The Miracle of Cologne – how the cathedral survived the Second World War
The fact that the cathedral was still standing at the end of the war is something of a miracle. Cologne was bombed by the Allies 262 times, leaving the entire city in debris and ashes. Only the cathedral towers rose up above the sea of rubble. It was said in Cologne at the time that the pilots had spared them, either out of piety, or so that they could use them for navigation purposes. That is a myth.
The people of Cologne didn’t know exactly what the Second World War would do to the city and the cathedral, but they probably had a pretty good idea. As the people of Cologne cheered on the army, who moved into the Rhineland across the Hohenzollern Bridge in 1936, cathedral vicar Max Loosen had special crates made in which to safely deposit the treasures of the cathedral. Protective measures for the cathedral had to be planned in secret; openly speaking about a possible war would have been a criticism of Hitler’s “Peace Policy” and thus taboo.
Things became serious in September 1939. Cathedral master builder Hans Güldenpfennig posted employees of the building office as fire guards on the roofs, but refused to sanction the removal of the medieval glass windows. He feared that the tradesmen would cause greater damage than an air attack. It was only when the authorities intervened that he gave in. Altars and stone figures were initially barricaded up with wooden forms and sandbags, and later walled in.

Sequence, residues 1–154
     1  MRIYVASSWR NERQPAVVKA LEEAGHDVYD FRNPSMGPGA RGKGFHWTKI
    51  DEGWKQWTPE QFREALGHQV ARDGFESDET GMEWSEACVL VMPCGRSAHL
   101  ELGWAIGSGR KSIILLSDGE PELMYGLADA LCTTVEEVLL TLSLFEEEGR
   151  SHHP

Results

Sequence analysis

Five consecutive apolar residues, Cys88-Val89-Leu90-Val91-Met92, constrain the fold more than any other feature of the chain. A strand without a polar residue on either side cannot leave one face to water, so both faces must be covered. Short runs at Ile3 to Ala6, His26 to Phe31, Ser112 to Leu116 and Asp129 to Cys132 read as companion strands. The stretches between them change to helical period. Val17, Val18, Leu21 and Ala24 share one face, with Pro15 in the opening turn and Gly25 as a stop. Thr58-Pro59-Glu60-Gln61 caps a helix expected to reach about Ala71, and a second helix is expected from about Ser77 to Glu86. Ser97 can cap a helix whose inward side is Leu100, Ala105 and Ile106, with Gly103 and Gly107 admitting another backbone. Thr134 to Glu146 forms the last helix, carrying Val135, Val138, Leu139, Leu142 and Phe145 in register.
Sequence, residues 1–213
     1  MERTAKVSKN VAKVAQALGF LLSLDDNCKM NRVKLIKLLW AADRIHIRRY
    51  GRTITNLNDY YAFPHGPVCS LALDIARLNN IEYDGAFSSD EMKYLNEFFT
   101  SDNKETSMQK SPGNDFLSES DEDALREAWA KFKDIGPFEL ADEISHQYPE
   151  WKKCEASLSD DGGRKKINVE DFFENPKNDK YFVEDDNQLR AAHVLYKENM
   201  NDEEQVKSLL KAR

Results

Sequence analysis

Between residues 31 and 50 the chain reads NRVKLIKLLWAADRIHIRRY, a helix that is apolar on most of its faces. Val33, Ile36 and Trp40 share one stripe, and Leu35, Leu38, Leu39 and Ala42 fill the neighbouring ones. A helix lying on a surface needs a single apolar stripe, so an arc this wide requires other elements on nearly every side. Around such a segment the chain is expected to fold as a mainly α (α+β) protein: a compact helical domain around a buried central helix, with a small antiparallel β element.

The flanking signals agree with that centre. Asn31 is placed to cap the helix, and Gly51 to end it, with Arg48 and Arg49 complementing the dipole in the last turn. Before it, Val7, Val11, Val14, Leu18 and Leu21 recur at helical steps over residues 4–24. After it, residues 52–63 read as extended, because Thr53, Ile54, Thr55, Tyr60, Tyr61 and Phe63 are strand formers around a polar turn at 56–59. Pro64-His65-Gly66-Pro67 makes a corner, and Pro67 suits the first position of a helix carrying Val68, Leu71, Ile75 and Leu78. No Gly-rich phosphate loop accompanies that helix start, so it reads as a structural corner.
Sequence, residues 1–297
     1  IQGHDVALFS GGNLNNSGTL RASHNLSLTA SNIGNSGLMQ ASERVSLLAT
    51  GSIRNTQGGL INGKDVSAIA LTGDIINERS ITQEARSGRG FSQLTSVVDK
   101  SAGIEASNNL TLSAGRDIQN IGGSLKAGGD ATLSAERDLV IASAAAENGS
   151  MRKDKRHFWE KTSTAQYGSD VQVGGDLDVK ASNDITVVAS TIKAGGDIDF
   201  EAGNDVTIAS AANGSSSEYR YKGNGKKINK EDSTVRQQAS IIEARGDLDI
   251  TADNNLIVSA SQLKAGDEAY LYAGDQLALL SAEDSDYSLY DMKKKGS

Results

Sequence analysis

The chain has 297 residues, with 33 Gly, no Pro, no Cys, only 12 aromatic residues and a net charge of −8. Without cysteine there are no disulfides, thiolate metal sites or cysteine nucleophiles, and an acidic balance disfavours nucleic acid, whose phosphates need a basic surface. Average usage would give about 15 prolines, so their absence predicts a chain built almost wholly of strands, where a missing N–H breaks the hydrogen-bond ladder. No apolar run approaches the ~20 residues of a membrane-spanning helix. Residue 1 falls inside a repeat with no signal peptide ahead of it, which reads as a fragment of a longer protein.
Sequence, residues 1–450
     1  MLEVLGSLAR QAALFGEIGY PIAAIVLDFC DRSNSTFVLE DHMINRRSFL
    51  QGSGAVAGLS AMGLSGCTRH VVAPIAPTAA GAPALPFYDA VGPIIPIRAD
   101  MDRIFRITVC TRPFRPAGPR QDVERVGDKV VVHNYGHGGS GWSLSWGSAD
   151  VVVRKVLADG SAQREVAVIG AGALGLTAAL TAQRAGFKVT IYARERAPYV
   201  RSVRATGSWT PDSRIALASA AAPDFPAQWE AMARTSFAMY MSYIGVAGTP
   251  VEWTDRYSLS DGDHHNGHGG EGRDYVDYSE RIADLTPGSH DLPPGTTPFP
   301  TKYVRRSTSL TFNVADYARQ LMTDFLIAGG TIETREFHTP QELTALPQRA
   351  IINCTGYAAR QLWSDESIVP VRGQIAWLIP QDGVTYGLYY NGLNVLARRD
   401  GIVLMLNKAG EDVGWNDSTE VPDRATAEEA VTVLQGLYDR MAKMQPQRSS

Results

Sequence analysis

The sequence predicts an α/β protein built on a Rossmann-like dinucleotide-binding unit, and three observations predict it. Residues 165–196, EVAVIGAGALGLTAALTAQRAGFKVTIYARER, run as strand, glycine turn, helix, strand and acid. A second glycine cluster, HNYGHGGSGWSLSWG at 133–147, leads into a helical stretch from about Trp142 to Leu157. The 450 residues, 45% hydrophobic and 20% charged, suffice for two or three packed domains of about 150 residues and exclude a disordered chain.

A separate bunker was created for the cathedral’s works of art in the north tower, which stood there until 1986. However, the most valuable works, including the Shrine of the Three Kings, were moved away. They would prefer to destroy the treasures rather than allow them to fall into the hands of the Allies, according to the Cologne regional administration of the NSDAP during the last few days of the war. When the left bank of the Rhine was already in the hands of the Americans, the army sent grenades over to the cathedral from the other side of the river.
The church had already had numerous hits through incendiary bombs and aerial mines, vaulted ceilings had collapsed and one pillar of the north tower had been dislodged. Despite area bombardment, the cathedral was not a target for the Allies. The danger lay in its location near the central station and the Hohenzollern Bridge, which were bombarded to prevent the movement of German reinforcements. Since the target accuracy of the bombs was not particularly good, the church was hit by bombs aimed at the railway system.
The survival of the cathedral was due to its Gothic design. A pressure wave triggered in the building by a detonating aerial mine was discharged with ease via the large window facades and the open strut construction.
It can also be attributed to the men of the building office, who spent countless nights on the roofs and extinguished fires. They were only supposed to bridge the gap until the arrival of the fire brigade – but they soon noticed that they were on their own. The fact that the cathedral still stands today is also a tribute to many unnamed helpers.